CINCINNATI - The Cincinnati Police Department is revising its current Taser policy.
Chief James Craig said he won't eliminate the use of Tasers by officers, but Cincinnati police will be coming out with a revised policy in about a month.
"Our City Solicitor's Office is also looking at it, and once that happens and once that's looked at and reviewed by city administration, we'll come out with a new policy," said Craig.
The review comes after an article published in the American Heart Association's premier journal, "Circulation," presented the first ever peer-reviewed scientific evidence that Tasers can cause cardiac arrest and death.
"I am concerned about it because like most Police Chiefs, I'm a big supporter of the tool. We know the tool has saved lives, we know it has minimized injuries to both police officers and suspects. Based on this report, we are looking at our existing policy, we will be making some revisions," said Craig.
Chief Craig says the revisions will be in line with what the study is suggesting.
"I think what they're suggesting the key point is elevated heart rate and the Taser coming in contact in close proximity to the heart when someone has an elevated heart rate," said Craig, "...and usually when we have contact with suspects, it's pretty clear that their heart rate is elevated, so we're taking a look at the more appropriate place to direct the prongs.
The Taser shoots two prongs which deliver electricity into the body with the intent to incapacitate a subject.
Chief Craig did not elaborate on whether the policy change would involve shots to the chest.
Taser International revised its target zone in October of 2009, warning officers to avoid the chest when possible.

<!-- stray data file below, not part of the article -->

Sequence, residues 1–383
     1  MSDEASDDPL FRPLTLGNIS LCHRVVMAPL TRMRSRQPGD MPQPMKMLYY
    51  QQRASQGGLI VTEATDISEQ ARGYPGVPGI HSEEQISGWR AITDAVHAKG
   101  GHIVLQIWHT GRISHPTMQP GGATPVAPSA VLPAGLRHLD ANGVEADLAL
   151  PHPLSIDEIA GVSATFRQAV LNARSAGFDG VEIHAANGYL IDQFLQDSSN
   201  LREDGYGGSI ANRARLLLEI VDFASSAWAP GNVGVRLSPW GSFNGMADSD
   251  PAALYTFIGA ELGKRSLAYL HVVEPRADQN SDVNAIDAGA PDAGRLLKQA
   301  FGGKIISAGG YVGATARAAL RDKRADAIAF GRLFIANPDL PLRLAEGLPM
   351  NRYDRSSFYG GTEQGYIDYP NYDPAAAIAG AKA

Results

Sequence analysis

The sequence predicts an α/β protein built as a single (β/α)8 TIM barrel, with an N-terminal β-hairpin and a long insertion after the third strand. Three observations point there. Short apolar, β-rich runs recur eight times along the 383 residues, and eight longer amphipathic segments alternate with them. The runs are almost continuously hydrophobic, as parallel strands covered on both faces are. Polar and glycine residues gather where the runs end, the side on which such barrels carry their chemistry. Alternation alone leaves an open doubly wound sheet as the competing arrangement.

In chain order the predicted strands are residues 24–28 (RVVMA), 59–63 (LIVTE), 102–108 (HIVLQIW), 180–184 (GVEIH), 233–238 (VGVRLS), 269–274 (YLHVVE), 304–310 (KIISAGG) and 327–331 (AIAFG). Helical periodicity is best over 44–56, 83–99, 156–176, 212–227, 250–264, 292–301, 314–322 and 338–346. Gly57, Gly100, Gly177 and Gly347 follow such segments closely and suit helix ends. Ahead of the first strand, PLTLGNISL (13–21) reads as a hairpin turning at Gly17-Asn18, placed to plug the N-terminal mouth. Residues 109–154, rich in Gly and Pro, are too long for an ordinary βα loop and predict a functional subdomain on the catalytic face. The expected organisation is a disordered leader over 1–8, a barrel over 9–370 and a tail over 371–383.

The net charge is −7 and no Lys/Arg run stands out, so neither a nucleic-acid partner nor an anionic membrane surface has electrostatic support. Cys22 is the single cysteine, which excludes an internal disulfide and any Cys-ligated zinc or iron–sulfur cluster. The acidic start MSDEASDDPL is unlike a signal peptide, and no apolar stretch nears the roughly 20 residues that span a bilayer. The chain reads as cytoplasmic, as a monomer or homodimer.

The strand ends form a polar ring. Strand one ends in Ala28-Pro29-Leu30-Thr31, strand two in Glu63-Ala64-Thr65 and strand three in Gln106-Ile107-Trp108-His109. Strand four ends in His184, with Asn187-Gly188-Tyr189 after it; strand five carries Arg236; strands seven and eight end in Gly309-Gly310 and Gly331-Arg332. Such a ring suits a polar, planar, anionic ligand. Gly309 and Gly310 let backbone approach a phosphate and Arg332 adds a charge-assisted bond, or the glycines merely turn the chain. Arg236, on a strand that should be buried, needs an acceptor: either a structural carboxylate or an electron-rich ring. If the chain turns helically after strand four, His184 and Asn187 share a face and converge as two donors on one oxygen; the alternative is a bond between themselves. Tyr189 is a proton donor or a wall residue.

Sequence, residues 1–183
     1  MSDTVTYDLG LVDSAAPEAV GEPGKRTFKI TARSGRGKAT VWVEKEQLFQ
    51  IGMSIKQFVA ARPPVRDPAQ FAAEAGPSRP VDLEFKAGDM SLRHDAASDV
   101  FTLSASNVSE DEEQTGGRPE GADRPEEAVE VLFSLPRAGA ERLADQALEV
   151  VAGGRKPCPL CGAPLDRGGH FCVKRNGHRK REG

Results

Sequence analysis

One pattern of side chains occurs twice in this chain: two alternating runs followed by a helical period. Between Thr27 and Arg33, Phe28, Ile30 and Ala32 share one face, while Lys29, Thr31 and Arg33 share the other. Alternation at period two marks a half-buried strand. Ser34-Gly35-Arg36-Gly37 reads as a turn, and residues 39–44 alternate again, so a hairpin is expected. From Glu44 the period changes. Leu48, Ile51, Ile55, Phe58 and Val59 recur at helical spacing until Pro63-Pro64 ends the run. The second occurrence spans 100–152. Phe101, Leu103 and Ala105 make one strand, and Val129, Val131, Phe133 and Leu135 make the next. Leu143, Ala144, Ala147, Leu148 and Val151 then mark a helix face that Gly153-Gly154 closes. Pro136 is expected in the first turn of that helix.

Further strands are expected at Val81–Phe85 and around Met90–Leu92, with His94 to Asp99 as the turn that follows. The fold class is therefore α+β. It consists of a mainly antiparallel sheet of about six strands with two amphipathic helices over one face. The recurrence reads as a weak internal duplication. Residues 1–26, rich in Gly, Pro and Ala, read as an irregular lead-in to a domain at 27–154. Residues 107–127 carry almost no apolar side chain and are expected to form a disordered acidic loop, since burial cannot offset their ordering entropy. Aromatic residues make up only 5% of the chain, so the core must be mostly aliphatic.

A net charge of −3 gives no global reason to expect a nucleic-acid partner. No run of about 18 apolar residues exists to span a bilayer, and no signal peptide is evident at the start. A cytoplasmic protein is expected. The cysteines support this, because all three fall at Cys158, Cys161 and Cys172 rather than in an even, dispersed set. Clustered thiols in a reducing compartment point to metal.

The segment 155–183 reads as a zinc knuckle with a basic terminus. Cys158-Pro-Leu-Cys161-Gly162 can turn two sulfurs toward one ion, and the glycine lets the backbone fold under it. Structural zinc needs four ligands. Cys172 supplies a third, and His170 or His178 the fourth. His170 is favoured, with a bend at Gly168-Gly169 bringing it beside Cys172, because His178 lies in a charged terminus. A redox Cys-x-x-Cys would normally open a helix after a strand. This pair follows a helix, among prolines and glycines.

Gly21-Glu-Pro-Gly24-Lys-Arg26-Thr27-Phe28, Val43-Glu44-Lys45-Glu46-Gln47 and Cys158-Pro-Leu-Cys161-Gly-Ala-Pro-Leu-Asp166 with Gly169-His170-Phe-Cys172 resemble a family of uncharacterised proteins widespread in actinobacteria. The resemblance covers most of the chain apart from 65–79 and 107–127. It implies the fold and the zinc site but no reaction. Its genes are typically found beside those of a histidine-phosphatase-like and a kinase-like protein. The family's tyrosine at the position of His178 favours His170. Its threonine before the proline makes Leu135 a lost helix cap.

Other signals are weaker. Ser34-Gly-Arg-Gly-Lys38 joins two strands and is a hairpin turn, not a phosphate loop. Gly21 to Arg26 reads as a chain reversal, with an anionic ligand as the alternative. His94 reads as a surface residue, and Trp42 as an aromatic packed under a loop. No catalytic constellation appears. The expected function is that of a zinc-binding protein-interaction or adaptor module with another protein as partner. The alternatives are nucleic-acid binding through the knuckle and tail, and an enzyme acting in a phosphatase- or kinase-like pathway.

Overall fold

In an I-Team report in November, 9 News revealed that Cincinnati Police records show of Taser shots in Cincinnati, officers hit the chest area 19 percent of the time in 2010. In 2011 (through September), records show officers tasered subjects in the chest 20 percent of the time.
Every officer who carries a Taser is required to sign Taser International's liability release form, which lists under "Known and Potential Side Effects: Heart rate, rhythm capture."
Craig says there have been no deaths related to the use of Tasers since Cincinnati police started using them in 2004.
Taser International responded, saying
“While we are unaware of any policy changes, we do know that Cincinnati has had eight years of tremendous success in reducing injuries to officers and suspects with their TASER program. In its founding years officers substituted TASER use for other types of force, such as physical confrontations, impact weapons and pepper spray – all of which were noted by the City of Cincinnati Independent Monitor’s Final Report in 2008. It’s important to remember that one of the lead lawyers who sued the city over excessive force specifically credits TASER as responsible for dramatic reductions in injuries and escalations to deadly force. I would suspect that any changes would not be steps backward to the days of nightsticks and physical force before the TASER was introduced there.”
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